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Read Thread: Distiguishing Pink stuff

Re: Distiguishing Pink stuff
Board: Stamp Carving and Mounting
Reply to: #806263 by Kirbert
Sep 20, 2013 4:15pm
Board
Which begs a question: who buys Speedy Cut and what do they use it for? Obviously letterboxers have shunned it since long before I started. But they keep making and selling the product, so it must be of some use to somebody out there.

K
Re: Distiguishing Pink stuff
Board: Stamp Carving and Mounting
Reply to: #806360 by Kelsung
Sep 20, 2013 4:19pm
Board
who buys Speedy Cut and what do they use it for?

Me. I bought it because the LTCs were due, I was out of material, Hobby Lobby was out of pink, and I HAD to carve something RIGHT THEN.

It's not the worst carve I ever did, but I have no plans to repeat the experience anytime soon!

This is what procrastination gets you!
Re: Distiguishing Pink stuff
Board: Stamp Carving and Mounting
Reply to: #806360 by Kelsung
Sep 20, 2013 4:32pm
Board
People who do block printing only need to use their wood blocks / stamps a limited number of times. Durability isn't really an issue when you're making 20 prints and then destroying the original :)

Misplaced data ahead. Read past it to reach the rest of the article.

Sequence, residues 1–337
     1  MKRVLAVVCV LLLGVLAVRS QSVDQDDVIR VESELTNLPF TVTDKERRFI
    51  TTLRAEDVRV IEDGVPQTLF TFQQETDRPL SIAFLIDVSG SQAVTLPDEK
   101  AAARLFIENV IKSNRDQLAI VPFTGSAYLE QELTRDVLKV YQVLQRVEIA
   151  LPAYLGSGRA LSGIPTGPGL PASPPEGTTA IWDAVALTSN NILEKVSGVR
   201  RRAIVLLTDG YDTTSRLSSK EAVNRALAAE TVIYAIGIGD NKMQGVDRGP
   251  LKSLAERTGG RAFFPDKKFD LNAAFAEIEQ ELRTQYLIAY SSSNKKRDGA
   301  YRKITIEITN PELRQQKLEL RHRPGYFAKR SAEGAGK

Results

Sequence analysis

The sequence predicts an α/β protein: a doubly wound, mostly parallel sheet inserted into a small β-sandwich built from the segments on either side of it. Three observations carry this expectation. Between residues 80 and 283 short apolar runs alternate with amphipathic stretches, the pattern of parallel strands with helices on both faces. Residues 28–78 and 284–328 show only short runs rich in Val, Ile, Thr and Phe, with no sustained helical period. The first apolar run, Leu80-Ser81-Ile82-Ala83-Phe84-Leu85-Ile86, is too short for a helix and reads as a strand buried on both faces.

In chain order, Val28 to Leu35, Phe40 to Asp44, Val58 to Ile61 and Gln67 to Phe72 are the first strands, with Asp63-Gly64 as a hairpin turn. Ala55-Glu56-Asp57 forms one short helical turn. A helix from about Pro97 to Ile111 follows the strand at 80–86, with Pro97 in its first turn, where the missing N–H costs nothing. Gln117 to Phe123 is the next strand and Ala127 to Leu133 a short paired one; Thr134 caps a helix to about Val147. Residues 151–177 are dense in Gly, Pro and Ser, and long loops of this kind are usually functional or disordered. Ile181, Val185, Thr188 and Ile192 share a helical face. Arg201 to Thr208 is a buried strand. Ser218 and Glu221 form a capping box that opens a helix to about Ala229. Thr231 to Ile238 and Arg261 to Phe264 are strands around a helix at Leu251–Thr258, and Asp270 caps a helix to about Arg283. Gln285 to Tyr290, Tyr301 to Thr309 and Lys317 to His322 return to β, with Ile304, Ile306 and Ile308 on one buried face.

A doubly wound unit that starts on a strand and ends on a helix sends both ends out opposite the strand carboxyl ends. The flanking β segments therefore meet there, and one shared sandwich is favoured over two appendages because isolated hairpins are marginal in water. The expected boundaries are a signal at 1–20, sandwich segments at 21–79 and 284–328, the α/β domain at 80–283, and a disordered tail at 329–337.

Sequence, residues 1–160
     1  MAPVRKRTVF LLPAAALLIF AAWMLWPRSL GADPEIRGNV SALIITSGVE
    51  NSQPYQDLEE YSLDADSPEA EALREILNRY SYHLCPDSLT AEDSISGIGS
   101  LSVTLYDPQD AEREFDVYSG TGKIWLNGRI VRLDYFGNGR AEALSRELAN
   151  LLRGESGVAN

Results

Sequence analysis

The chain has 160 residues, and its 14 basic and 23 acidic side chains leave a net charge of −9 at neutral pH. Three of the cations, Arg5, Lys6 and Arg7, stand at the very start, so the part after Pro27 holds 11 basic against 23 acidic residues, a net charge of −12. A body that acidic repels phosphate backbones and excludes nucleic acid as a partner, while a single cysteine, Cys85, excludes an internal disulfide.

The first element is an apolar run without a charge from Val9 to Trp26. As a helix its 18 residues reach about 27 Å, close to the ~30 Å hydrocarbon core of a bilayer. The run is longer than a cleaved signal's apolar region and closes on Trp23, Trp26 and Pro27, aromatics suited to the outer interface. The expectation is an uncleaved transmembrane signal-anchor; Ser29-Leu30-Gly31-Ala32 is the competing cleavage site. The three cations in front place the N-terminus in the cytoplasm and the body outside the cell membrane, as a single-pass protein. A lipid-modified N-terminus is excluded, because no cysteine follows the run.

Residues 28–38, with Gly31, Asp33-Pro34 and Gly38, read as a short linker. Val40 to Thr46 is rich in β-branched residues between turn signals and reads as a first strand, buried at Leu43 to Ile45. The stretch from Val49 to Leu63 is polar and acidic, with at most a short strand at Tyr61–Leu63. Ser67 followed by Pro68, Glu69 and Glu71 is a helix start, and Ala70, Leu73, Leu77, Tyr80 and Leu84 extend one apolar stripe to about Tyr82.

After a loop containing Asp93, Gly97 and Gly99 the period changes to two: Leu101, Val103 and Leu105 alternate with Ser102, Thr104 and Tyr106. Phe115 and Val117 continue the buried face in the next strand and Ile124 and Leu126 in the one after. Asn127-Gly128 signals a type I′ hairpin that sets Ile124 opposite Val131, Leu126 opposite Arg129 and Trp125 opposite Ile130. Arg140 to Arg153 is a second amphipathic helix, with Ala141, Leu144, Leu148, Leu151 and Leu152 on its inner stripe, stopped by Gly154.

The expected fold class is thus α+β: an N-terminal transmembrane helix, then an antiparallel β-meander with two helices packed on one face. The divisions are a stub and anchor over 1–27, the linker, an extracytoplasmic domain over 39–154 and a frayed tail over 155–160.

Re: Distiguishing Pink stuff
Board: Stamp Carving and Mounting
Reply to: #806363 by Aiphid
Sep 20, 2013 4:55pm
Board
{People who do block printing}

In our rounds into the art world we've run across block printing art. Of course art is in the eye of the beholder but I was surprised at the lack of . . . expertise in carving. It's a different style that is neat in itself, but some of it really is just poor. Some rubber carvers could definitely enter their work at the art galleries. Probably a lot of people on this board could. Yep!
Re: Distiguishing Pink stuff
Board: Stamp Carving and Mounting
Reply to: #806360 by Kelsung
Sep 22, 2013 6:44am
Board
Which begs a question: who buys Speedy Cut and what do they use it for?

I inherited several pieces of this from a Girl Scout trainer who taught LB classes for some time. I taught my first GS LB class yesterday and the trainees all made sig stamps with the speedy cut. The class is designed to teach leaders how to teach girls. Therefore they used altered pencils as gouges along with large paperclips for finer areas. The Speedy Cut worked well under these conditions. I did also bring a couple of traditional gouges so they could assess the safety factor involved in using them with very young children. The adults all made very creative designs though obviously not elaborate but I felt it was a good material for this introductory level and would be appropriate for children too. I had thought it was no longer available in stores so am glad to hear that I was wrong.

I did also strongly suggest that if a GS troop is going to plant a box that they consider making it a limited time box b/c an unmaintained box is just trash in the woods and GS don't do that. The idea was actually very appealling to them vs making it a permanent plant that they have to maintain.

CTEE